About two dozen people gathered at the Shawanaga Band Council office on Monday, March 22nd to rally against the March 11th, 2021 raid by Anishinabek Police Services on the High-Way 69 Medicinal dispensary. The group was led by Hereditary Chief Del Riley, a former head of the National Indian Brotherhood, and one of the main authors and negotiators for the sections of the Canadian constitution which are meant to safeguard Aboriginal and Treaty Rights.
The Six Nations Cannabis Commission (SNCC) has projected costs to establish an industry at Six Nations will hit almost $3 million before any structures are built or sales made according to SNCC budget documents obtained by Turtle Island News.
The Six Nations Cannabis Commission (SNCC) may be denying community members licenses to sell cannabis on the territory even though they have no legal authority to do so – and they know it.
54 Anishinaabe people are on trial in an Indigenous hunting and fishing case that will set precedent for the ongoing North Shore Anishinaabe cannabis constitutional challenge. Lawyer Michael Swinwood is appealing for contributions to go towards paying for two expert reports that are needed as the case returns to court on May 10th, 2021.
Algonquin Amikwa Anishinaabek (Beaver People) living in Reserves #13 and #2 as described by the 1854 Rowan Proclamation and the 1850 Indians’ Protection Act are waging a legal battle to defend the Indigenous right to grow and trade cannabis.
Albert Sewell is facing some challenges in establishing his multi-million dollar, 30,000 square-foot commercial cannabis cultivation facility on the western edge of Rankin reserve.
"It's made it quite difficult for First Nations to actually do any business off-reserve, so I took it upon myself — once the United Nations Declaration on the Rights of Indigenous Peoples was tabled in B.C. — to step off-reserve and basically assert our rights within our territory, our practice, our rights within our territory."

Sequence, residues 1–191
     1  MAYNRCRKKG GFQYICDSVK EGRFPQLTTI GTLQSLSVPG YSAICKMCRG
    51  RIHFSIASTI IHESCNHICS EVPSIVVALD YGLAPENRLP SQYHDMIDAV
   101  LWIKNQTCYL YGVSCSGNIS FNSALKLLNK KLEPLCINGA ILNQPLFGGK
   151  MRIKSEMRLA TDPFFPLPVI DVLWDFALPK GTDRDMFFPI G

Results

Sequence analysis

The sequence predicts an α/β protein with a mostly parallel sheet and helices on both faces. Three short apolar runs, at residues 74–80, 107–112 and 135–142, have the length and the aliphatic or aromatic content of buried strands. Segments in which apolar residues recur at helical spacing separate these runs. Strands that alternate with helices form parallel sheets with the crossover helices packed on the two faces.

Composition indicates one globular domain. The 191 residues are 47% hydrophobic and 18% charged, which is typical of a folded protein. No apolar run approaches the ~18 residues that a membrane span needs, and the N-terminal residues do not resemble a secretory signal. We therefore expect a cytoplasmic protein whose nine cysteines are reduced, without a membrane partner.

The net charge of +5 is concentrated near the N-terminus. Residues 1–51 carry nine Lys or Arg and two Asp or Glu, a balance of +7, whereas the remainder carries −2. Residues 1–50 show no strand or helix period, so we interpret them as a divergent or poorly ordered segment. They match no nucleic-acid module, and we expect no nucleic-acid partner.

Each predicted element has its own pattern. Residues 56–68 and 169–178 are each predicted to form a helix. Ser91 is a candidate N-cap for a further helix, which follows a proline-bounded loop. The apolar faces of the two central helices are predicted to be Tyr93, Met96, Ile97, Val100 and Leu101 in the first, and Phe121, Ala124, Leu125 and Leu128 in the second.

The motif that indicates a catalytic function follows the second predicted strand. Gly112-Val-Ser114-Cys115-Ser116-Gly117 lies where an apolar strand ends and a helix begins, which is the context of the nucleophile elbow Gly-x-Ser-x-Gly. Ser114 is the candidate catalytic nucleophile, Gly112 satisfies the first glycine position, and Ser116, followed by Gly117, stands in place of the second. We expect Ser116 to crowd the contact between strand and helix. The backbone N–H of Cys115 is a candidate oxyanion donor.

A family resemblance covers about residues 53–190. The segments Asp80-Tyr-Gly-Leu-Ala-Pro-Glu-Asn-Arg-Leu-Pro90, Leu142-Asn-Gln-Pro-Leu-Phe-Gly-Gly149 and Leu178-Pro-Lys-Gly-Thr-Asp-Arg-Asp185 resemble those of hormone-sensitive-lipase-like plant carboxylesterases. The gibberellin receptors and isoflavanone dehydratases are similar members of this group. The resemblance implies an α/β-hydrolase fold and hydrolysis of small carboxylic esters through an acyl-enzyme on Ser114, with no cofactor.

At 9:30am on Monday, March 22nd, supporters of the High-Way 69 Medical Cannabis dispensary will gather in the parking lot of the store, and then travel in a convoy to the APS station in Wasauksing First Nation which launched the raid. The convoy will be led by Chief Del Riley and will demand that the APS return the stolen medicines and apologize for the raid. Supporters are asked to bring flags and signs and wear camo to show their support.
The High-Way 69 Medicinal Cannabis Shop was not deterred by the raid and has decided to re-open and will continue providing medicinal cannabis for their customers. According to one staff member, “Our rights have been violated, and I think we have to take a stand on it. By opening up again, we’re taking a stand.”
From The Chilliwack Progress by Jennifer Feinberg December 30, 2020 The provincial government declared cannabis retail business an essential service in March 2020 Chilliwack’s retail landscape for legal cannabis kept shifting in 2020. The Chilliwack area was already unique, with the first fully licensed store in the region opening in…